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Topic: Arduino + Vacuum Tubes as a transistor (Read 396 times) previous topic - next topic

mainstreetmark

Good day!

I've recently finished a "Mad Scientists Lamp" (http://www.instructables.com/id/Mad-Scientists-Light/) that uses 3 25W incandescents and an off-the-shelf dimmer.  Yep, it's pretty cool, but I have that dimmer turned way, way down, so it's only putting out about the same amount of light as a candle (<2VAC).

What I want to do now is introduce some random flickering, and was going to do so with an arduino and some clever programming, such as adjusting the duty cycle of a digital out to control the brightness.

1.  I can't seem to work out why 10VDC barely lights the light, yet 2VAC (so says my fluke) lights it much brighter. Even if RMS is taken into account, I can't figure it out why 10VDC is so dim.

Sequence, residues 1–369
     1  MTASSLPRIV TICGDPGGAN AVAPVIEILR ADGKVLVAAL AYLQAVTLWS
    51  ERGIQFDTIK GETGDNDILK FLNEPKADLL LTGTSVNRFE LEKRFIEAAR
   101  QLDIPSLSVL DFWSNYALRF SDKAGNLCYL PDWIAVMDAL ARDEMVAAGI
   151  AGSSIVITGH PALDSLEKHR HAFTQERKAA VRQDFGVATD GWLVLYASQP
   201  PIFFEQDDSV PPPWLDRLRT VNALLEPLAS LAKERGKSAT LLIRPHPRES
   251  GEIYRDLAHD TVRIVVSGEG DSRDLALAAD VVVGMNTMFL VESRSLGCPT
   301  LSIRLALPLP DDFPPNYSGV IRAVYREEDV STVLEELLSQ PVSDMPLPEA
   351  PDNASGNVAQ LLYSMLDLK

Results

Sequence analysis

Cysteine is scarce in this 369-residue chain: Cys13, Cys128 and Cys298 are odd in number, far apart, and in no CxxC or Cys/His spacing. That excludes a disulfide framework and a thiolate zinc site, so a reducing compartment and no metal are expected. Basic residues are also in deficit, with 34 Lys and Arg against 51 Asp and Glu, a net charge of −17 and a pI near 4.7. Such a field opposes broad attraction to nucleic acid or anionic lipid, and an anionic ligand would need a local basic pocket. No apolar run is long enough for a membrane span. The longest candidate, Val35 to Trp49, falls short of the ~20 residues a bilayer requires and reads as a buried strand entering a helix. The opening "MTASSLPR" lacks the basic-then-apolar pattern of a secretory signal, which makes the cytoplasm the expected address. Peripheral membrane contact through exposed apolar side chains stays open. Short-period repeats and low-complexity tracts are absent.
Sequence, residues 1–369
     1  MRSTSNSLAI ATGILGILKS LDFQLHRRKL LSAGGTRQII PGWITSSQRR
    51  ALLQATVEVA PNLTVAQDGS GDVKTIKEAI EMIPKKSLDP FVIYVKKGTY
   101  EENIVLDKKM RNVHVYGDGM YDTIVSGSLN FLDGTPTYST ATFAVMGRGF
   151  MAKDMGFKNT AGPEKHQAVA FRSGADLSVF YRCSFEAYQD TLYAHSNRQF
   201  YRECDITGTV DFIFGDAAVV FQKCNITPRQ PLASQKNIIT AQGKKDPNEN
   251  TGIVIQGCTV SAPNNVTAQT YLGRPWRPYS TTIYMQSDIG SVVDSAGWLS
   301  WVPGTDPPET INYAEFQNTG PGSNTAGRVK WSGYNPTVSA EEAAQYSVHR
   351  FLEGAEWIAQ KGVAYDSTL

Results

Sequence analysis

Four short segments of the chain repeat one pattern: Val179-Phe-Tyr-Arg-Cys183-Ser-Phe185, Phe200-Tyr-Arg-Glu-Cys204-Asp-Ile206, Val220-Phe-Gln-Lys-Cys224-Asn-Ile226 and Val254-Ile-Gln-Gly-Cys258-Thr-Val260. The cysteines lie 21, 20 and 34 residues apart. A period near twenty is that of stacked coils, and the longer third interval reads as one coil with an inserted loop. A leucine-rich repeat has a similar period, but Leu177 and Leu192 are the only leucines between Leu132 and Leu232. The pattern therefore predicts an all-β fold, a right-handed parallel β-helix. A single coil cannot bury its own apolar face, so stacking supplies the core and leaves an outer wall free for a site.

2. Obviously, I can't drive 3 lights with the arduino, so I was going to use a transistor driven by a digital out to "blink" the 120VAC to control brightness.  It's been, perhaps 10 years since I've messed with transistors, but it IS possible to choose a high-power transistor, and drive it with the output of the arduino, yeah?

3.  Being all retro-looking in the first place, why not use a vacuum tube instead of a transistor, for the same effect. But, since arduino is digital, the vacuum tube would be acting like a relay, which has limited life.  Should I perhaps look into preamp tubes, like they use in guitar amps?  I've got no vacuum tube experience, i just think it'd be neat.

The bulbs in question are 25W tall bulbs they sell at home depot.

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